The McKee Brothers
A Time Like This
In this writer’s radio days, a frequent caller often said, “You can never have too many horns.” It is not only the horn charts that drew me to this record, but repeated listens revealed some good songwriting, strong vocals on every track, and fond memories of their debut album, 2016’s Enjoy It While You Can. Denis McKee, a multi-instrumentalist, is the leader and producer, now residing in California and originally from Michigan. Keyboardist and principal songwriter Bobby West returns, as does guitarist Larry McCray and slide guitarist Stan Budzynski. A Time Like This, their third album, involves only about half of the two dozen musicians that graced their debut, but we still have two stellar horn players in returning trumpeter Lee Thornburg (Tower of Power) and multi-reedist Doug Webb (Stanley Clarke, Freddie Hubbard, and countless others). Note, on these pages we covered Webb’s most recent jazz effort on Positone, Apples and Oranges, released just last month.
McKee, who takes guitar solos on three tracks, tends to favor a potpourri of styles, affixing the same descriptor to only two of the 16 songs with the remainder each bearing such as “Al Green/Sly Stone inspired,” “Trad jazz,” and “Reggae soul power ballad,’ to mention a few. The idea was to focus on something other than the bad news that has been plaguing us in 2020 but among the fun and optimistic songs, there are requisitely contemporary ones too. “It Is What It Is” is not about defeatism but moving on from a situation, that despite one’s best efforts, can’t be changed. It’s a different way of saying that you can still affect the outcome. Others such as “Miracle,” “A Time Like This,” and “Whistleblower Blues” all speak to these times. The others are a combination of irony, sarcasm, fun, and optimism – in essence, a relief from everything else we are going through.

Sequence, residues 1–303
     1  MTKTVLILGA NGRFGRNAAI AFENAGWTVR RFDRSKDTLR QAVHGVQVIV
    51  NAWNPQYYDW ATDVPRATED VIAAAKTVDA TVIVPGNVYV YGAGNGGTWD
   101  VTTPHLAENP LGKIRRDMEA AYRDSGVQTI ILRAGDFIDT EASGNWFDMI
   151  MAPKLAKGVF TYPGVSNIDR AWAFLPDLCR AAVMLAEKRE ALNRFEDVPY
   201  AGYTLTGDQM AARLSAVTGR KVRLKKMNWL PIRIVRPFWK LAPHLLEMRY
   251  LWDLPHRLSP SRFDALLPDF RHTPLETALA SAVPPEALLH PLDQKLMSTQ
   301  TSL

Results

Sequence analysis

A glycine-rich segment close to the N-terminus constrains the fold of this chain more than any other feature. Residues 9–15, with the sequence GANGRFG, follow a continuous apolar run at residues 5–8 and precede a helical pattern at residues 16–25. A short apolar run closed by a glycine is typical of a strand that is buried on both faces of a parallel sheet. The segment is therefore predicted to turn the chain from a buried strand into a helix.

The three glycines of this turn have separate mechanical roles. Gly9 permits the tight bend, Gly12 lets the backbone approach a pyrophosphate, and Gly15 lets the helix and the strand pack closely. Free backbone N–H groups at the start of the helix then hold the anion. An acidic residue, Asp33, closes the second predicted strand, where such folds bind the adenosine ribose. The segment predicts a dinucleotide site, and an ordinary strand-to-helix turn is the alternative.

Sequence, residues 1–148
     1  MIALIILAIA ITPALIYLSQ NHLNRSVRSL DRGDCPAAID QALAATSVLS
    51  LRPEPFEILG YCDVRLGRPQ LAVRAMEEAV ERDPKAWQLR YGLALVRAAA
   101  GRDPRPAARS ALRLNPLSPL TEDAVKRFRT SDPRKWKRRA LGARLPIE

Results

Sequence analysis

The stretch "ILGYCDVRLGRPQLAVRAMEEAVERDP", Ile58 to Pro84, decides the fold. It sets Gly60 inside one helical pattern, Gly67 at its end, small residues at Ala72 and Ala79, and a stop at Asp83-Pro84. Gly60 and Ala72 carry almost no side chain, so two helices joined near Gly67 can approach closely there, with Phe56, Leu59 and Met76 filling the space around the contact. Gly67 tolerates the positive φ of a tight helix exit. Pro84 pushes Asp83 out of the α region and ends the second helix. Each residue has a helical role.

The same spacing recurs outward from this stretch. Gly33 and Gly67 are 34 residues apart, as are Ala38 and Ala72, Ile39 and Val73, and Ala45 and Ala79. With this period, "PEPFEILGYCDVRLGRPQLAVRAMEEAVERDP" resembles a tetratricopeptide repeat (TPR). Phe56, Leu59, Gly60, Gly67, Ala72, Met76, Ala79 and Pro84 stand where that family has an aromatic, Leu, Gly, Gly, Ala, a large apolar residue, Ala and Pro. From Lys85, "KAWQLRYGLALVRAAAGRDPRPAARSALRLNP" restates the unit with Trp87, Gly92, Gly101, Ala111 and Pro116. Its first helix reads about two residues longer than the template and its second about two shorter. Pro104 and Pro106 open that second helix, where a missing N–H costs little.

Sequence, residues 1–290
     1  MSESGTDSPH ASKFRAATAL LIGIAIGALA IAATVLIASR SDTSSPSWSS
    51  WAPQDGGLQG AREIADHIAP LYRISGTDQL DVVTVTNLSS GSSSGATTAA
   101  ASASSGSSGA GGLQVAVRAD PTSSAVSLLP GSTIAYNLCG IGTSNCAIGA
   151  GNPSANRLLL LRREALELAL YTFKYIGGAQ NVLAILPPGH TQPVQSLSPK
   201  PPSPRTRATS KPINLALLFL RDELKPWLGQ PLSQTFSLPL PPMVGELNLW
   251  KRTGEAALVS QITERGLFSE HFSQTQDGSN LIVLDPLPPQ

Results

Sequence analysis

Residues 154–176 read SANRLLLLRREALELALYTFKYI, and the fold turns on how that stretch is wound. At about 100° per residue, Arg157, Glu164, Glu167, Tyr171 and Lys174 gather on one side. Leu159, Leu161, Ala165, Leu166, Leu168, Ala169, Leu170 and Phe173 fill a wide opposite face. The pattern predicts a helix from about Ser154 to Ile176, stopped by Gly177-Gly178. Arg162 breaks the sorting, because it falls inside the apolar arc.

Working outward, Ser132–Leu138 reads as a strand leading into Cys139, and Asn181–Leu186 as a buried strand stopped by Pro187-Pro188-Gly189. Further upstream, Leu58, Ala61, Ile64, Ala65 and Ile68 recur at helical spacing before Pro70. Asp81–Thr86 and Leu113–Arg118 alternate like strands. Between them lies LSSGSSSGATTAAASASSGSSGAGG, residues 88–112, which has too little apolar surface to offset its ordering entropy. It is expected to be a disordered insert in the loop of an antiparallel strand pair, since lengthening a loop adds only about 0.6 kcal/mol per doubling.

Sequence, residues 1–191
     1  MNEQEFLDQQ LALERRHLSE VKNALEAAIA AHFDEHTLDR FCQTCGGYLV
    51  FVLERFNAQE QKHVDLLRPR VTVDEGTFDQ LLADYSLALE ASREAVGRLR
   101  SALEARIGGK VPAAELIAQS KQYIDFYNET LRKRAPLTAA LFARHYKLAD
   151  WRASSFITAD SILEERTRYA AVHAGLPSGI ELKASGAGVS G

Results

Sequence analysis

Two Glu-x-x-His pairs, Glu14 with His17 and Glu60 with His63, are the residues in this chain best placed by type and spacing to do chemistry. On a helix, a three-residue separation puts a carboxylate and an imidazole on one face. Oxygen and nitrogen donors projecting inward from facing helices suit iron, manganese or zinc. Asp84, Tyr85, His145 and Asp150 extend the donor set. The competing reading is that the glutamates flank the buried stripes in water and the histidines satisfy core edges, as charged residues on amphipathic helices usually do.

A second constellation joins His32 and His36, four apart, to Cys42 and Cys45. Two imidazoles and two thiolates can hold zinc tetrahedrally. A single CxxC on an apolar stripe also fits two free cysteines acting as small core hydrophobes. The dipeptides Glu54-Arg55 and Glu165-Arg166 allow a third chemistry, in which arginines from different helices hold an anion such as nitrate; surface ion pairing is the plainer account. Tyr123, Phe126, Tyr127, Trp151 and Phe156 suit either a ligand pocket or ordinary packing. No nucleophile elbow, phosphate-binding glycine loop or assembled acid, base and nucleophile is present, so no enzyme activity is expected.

McKee assembled first-rate musicians and a strong vocalist who join those already mentioned in his “share the wealth” approach. McKee is featured on lead vocals, backed by the soulful Maxayn Lewis (Ike & Tina Turner). The rhythm section includes top L.A. musicians Bobby Watson (Rufus/Billy Preston/Michael Jackson), drummers Steve Stephens (Patti Austin/Glen Hughes) and Vincent Foster Jr. (Kirk Fletcher/Janiva Magness). Guitarist Joey Delgado plays on two tracks with harmonicist Tim Douhit on three and percussionist Chris Stevens throughout.
Several tracks stand out, preeminently “Miracle,” punctuated by Webb’s soulful tenor solo, the funky blues-rock of “Whistleblower Blues” with Larry McCray on the lead guitar, the gospel blues of “Realize,” where Denis McKee has the lead guitar as he does on “A Scene from Sunday, ”which has the best ensemble horn parts, and the churning “Rain” where Budzynski delivers his searing slide. Also, let’s give kudos to the swampy “The Legend of Luther Stringfellow” evoking songs from Jerry Reed, Clarence Carter, and Tony Joe White. The shortest track “Bluer Than You” is fine example of early NOLA R&B, with the horns chiming in and Lewis echoing McKee’s lead. These are blues for fans that bask in the variety. Hell, there’s not even one 12-bar blues song here. Instead it’s all mixed up in a good way. Some may argue that The McKee Brothers try to do too many styles, but most would likely agree with this writer that this is their strongest yet.
- Jim Hynes